This study aimed to evaluate the association between the severity of pathological gambling, serum brain-derived neurotrophic factor (BDNF) level, and the characteristics of quantitative electroencephalography (EEG) in patients with gambling disorder.
A total of 55 male patients aged 18–65 with gambling disorder participated. The severity of pathological gambling was assessed with the nine-item Problem Gambling Severity Index from the Canadian Problem Gambling Index (CPGI-PGSI). The Beck Depression Inventory and Lubben Social Network Scale were also assessed. Serum BDNF levels were assessed from blood samples. The resting-state EEG was recorded while the eyes were closed, and the absolute power of five frequency bands was analyzed: delta (1–4 Hz), theta (4–8 Hz), alpha (8–12 Hz), beta (12–30 Hz), and gamma (30–50 Hz).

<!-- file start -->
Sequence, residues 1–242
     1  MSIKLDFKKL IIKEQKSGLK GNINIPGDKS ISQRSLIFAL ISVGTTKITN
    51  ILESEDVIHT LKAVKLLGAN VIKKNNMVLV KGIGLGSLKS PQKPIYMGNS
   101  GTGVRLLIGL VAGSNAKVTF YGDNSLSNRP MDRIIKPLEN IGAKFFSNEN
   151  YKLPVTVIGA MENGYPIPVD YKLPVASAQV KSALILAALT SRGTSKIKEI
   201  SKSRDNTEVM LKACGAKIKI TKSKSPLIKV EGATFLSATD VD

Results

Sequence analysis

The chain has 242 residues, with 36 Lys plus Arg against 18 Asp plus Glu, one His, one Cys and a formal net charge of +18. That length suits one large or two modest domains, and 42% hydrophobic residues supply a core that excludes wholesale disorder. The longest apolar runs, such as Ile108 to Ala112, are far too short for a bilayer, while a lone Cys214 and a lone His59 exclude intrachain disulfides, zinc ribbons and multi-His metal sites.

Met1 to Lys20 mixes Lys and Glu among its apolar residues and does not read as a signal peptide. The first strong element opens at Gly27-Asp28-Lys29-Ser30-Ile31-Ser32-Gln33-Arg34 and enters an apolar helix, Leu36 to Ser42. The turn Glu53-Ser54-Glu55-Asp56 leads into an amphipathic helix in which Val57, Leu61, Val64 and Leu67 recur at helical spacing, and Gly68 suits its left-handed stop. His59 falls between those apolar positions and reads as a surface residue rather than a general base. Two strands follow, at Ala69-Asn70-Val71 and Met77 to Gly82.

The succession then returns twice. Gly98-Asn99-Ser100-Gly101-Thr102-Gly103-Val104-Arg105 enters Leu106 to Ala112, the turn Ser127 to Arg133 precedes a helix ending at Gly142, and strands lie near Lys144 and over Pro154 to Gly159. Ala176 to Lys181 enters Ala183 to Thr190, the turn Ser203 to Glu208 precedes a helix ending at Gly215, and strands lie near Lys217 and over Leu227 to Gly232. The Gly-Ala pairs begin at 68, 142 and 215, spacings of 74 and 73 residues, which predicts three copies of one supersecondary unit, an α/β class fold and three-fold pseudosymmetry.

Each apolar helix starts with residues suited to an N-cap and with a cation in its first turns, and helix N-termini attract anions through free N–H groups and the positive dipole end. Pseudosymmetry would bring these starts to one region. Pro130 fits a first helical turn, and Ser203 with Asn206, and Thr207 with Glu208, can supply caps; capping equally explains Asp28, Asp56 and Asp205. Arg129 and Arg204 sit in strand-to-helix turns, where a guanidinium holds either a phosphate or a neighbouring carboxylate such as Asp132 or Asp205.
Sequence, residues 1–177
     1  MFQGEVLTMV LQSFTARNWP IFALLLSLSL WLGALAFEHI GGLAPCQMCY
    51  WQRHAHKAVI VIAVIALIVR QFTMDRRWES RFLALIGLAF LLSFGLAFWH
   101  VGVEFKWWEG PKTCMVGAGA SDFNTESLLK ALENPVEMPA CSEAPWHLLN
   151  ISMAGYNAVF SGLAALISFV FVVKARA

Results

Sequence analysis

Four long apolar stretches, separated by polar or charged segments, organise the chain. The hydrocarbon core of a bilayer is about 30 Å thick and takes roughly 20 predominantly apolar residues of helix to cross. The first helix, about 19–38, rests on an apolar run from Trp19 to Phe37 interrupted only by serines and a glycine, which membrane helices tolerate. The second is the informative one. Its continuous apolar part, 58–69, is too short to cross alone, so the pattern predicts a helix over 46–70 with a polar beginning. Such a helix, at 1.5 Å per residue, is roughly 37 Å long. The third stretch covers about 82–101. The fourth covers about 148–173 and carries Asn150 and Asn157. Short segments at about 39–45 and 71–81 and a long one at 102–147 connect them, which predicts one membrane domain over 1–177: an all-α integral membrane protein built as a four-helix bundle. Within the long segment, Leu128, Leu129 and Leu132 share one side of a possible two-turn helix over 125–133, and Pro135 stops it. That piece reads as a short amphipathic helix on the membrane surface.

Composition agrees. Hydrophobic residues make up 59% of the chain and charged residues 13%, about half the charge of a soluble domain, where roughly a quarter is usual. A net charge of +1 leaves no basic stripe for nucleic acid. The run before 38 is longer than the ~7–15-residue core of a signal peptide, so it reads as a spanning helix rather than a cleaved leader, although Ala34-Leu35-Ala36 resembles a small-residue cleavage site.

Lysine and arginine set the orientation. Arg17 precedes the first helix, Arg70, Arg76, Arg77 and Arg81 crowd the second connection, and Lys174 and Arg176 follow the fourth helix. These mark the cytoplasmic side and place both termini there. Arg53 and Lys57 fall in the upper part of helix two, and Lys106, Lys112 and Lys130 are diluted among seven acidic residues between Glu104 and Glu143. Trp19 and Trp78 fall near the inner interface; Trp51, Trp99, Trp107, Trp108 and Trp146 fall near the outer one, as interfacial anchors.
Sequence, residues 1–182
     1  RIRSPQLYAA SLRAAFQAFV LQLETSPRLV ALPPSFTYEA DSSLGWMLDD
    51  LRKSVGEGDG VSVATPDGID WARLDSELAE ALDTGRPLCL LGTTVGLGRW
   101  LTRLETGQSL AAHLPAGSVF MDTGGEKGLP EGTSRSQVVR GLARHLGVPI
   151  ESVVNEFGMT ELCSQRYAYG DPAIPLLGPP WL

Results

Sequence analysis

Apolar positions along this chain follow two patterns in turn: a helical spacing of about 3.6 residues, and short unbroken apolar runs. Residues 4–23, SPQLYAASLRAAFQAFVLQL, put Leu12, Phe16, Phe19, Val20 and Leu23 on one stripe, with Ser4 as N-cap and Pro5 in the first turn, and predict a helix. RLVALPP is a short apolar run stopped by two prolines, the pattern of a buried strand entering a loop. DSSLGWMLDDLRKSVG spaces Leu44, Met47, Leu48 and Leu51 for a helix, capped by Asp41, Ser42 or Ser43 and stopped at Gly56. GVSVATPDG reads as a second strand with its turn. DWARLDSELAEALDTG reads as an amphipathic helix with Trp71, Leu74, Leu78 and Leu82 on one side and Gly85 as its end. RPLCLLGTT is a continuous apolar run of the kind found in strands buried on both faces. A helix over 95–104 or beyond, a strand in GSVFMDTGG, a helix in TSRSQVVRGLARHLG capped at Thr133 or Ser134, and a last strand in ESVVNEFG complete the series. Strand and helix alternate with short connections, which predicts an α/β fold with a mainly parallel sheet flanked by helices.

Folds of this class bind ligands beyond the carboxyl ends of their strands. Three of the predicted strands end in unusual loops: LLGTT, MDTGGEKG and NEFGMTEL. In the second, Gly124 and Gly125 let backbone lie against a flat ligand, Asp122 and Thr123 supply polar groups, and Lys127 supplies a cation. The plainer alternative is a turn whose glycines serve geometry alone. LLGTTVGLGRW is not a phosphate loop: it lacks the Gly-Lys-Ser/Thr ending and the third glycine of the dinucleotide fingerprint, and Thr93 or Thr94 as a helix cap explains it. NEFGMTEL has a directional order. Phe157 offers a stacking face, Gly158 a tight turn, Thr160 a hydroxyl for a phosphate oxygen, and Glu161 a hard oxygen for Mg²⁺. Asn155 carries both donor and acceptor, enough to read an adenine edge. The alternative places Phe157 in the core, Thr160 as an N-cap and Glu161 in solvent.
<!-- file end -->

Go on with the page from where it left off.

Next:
Serum BDNF level was positively correlated with theta power in the right parietal region (P4, r = .403, p = .011), beta power in the right parietal region (P4, r = .456, p = .010), and beta power in the right temporal region (T8, r = .421, p = .008). Gambling severity (CPGI-PGSI) was positively correlated with absolute beta power in the left frontal region (F7, r = .284, p = .043) and central region [(C3, r = .292, p = .038), (C4, r = .304, p = .030)].
These findings support the hypothesis that right-dominant lateralized correlations between BDNF and beta and theta power reflect right-dominant brain activation in addiction. The positive correlations between beta power and the severity of gambling disorder may be associated with hyperexcitability and increased cravings. These findings contribute to a better understanding of brain-based electrophysiological changes and BDNF levels in patients with pathological gambling.